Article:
Following the UK governments long-awaited release of the Gambling Act White Paper, UK athletes are set to gain the right to oppose wearing any sporting apparel that showcases a gambling sponsor. 

This is mainly due to athletes who observe religious beliefs which oppose gambling of any form, with the White Paper highlighting that any “adults who have religious or health reasons object to wearing gambling sponsors”. 

This fell under the reviews list of ‘example principles’ as it aims to address the Gambling Act 2005. The decade-and-a-half old legislation is viewed as outdated and needs new parameters to better protect problem gamblers, as the White Paper reveals that “300,000 people are estimated to be experiencing problem gambling”. 

Sport, in particular football, has had a long-storied history with gambling and its firms, with many gambling-related TV adverts appearing during football broadcasts, something that has been called upon by lobbyists for a ‘whistle to whistle’ ban. 

Now the proposals have reached out to better protect athletes’ religious beliefs which will help those, for example, who are of Muslim faith as Islam forbids any form of gambling. 

In January 2020, New Zealand rugby league player Sonny Bill Williams, during his short stint at Super League team the Toronto Wolfpack, refused to wear the team’s jersey as it had a gambling sponsor on it, coming into conflict with his Muslim beliefs.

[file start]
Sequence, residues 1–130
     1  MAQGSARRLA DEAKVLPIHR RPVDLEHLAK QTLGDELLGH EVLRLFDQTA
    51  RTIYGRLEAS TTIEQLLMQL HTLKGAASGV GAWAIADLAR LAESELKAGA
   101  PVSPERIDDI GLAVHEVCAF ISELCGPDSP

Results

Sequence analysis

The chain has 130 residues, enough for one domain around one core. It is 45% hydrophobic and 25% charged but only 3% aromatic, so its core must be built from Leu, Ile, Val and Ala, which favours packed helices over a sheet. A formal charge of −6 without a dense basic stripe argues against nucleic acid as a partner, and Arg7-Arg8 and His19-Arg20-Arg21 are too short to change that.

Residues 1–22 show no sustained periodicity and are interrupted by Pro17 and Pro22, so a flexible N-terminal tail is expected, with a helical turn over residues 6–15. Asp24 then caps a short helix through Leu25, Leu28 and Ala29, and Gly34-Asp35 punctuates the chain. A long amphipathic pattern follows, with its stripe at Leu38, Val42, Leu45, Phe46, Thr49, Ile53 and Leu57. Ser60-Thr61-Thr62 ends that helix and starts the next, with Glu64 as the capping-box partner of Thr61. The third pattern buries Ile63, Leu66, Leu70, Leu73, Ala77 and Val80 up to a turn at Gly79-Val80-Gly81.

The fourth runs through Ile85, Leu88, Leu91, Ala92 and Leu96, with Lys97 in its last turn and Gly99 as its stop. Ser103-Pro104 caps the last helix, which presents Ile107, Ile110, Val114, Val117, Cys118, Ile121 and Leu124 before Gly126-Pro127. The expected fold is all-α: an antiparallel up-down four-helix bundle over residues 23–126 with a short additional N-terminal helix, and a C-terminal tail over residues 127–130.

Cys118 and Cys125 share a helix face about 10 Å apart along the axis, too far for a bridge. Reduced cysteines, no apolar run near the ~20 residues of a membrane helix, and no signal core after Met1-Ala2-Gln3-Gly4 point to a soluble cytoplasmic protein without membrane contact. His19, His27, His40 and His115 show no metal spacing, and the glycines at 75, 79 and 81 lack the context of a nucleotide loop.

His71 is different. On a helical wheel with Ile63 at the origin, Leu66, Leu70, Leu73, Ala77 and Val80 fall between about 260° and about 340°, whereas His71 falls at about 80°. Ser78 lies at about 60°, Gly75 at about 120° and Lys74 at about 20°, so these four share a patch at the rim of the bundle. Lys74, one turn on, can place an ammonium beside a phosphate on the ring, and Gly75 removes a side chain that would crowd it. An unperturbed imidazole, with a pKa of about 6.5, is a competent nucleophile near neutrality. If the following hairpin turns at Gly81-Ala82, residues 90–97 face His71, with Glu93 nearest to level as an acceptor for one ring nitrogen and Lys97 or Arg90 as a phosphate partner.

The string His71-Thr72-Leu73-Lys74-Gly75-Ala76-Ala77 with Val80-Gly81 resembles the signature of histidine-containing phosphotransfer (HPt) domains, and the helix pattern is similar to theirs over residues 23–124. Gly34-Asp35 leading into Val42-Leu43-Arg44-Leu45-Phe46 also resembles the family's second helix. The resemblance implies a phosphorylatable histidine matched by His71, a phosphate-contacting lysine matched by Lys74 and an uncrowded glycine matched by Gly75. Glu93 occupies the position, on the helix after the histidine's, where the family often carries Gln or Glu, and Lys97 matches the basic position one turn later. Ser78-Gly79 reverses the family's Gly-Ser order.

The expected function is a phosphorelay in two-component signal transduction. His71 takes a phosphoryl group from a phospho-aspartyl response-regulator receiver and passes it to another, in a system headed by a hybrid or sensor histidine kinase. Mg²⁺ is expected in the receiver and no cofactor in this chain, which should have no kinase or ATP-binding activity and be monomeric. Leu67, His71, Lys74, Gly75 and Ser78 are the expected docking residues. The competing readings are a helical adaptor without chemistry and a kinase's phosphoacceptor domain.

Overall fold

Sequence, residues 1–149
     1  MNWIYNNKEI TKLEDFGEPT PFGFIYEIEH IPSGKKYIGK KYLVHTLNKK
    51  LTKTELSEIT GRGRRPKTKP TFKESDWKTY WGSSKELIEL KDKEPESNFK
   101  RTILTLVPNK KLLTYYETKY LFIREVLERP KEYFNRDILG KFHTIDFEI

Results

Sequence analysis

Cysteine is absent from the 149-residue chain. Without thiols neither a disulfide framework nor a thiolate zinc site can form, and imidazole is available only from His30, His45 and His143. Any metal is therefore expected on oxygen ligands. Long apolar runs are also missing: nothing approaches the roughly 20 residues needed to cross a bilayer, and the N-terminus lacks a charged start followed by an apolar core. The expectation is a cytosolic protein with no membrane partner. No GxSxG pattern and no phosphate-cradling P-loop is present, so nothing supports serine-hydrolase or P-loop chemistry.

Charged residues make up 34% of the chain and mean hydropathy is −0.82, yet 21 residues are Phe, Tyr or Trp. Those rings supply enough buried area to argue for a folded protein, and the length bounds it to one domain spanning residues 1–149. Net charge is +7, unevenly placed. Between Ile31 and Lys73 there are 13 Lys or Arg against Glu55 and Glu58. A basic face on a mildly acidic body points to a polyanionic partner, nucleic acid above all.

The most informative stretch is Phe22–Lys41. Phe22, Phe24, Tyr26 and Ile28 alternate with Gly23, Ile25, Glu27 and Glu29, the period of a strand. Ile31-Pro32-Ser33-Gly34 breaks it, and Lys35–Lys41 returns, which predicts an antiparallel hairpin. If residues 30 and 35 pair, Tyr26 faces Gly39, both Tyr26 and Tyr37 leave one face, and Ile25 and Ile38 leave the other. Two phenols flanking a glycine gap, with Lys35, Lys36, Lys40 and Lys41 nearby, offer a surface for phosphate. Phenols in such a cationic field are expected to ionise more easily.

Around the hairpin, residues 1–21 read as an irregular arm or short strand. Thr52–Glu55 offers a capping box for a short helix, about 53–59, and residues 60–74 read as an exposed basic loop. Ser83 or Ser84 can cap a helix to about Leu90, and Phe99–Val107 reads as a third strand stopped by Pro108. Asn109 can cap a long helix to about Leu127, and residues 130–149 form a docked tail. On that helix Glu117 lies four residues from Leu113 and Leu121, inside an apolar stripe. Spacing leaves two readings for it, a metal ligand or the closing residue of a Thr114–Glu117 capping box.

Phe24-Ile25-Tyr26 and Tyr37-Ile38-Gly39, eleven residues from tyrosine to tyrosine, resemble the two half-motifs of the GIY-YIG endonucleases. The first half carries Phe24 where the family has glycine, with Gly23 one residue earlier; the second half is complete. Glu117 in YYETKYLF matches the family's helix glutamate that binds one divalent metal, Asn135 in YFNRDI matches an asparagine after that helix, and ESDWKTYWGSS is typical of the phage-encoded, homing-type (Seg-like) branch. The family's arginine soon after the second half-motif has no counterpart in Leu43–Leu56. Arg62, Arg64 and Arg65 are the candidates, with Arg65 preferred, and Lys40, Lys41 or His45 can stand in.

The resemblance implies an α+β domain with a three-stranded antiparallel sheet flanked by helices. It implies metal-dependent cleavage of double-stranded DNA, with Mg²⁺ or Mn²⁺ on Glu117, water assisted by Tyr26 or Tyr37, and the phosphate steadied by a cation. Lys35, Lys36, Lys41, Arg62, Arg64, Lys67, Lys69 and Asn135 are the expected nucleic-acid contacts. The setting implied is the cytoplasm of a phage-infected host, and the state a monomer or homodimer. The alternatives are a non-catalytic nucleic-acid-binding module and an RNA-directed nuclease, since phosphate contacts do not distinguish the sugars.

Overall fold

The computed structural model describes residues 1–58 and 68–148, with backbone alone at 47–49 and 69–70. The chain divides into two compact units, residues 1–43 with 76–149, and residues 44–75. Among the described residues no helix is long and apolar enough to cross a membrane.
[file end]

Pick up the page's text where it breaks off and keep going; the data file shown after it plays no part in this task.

The Wolfpack and the Super League, which is primarily sponsored by Betfred, respected Williams’ stance and he ultimately only played five games for Toronto before the Super League side had to withdraw on his $10m contract due to financial reasons in the midst of the COVID-19 pandemic.

The efforts to help better protect athletes like Williams may not become part of the proposed new codes for the reformed Gambling Act but the proposal is highlighted to make “meaningful improvements” for the gambling industry to become ‘more socially responsible’.  

The White Paper outlines: “Overall, indirect exposure to gambling marketing around sport is high, including among children, and can be particularly challenging for those already suffering gambling-related harms. 

“We are challenging the sports and esports sectors and the industry to set a high standard for social responsibility, with the potential not only to improve standards in gambling sponsorship but also to provide a model for responsible sponsorship by other sectors.”

Conversely, Premier League clubs recently agreed upon a new ban on front-of-shirt gambling sponsorship that will come into effect for those clubs currently holding  gambling sponsorship deals following the 2025/26 season. 

This landmark voluntary ban made the Premier League one of the first UK competitions to introduce a comprehensive ban on gambling sponsorship, but does not include a ban on shirt sleeve sponsorships, which could still come into conflict with players of muslim faith. 

The English Football League (EFL), who’s title sponsor is SkyBet, released a statement in regards to the White Paper findings who ‘welcome’ the gambling review and its proposals. 

“Having submitted evidence to the Gambling Act Review, the EFL welcomes the long-awaited publication of the white paper which offers an updated vision for gambling regulation in this country,” stated an EFL Spokesperson. 

“It is the league’s long-held view that it is for government to determine what is the appropriate regulatory framework for the UK’s gambling sector, and while sports partnerships are just one small part of this white paper’s scope, its publication will help organisations determine how they can continue to work with responsible gambling operators moving forward.”

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